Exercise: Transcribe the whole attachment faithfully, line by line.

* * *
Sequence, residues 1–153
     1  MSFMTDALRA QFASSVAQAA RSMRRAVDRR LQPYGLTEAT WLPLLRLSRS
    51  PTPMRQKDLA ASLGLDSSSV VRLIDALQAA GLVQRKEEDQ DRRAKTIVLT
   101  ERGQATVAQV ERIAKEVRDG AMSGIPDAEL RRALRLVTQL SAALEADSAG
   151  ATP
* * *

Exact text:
Sequence, residues 1–153
     1  MSFMTDALRA QFASSVAQAA RSMRRAVDRR LQPYGLTEAT WLPLLRLSRS
    51  PTPMRQKDLA ASLGLDSSSV VRLIDALQAA GLVQRKEEDQ DRRAKTIVLT
   101  ERGQATVAQV ERIAKEVRDG AMSGIPDAEL RRALRLVTQL SAALEADSAG
   151  ATP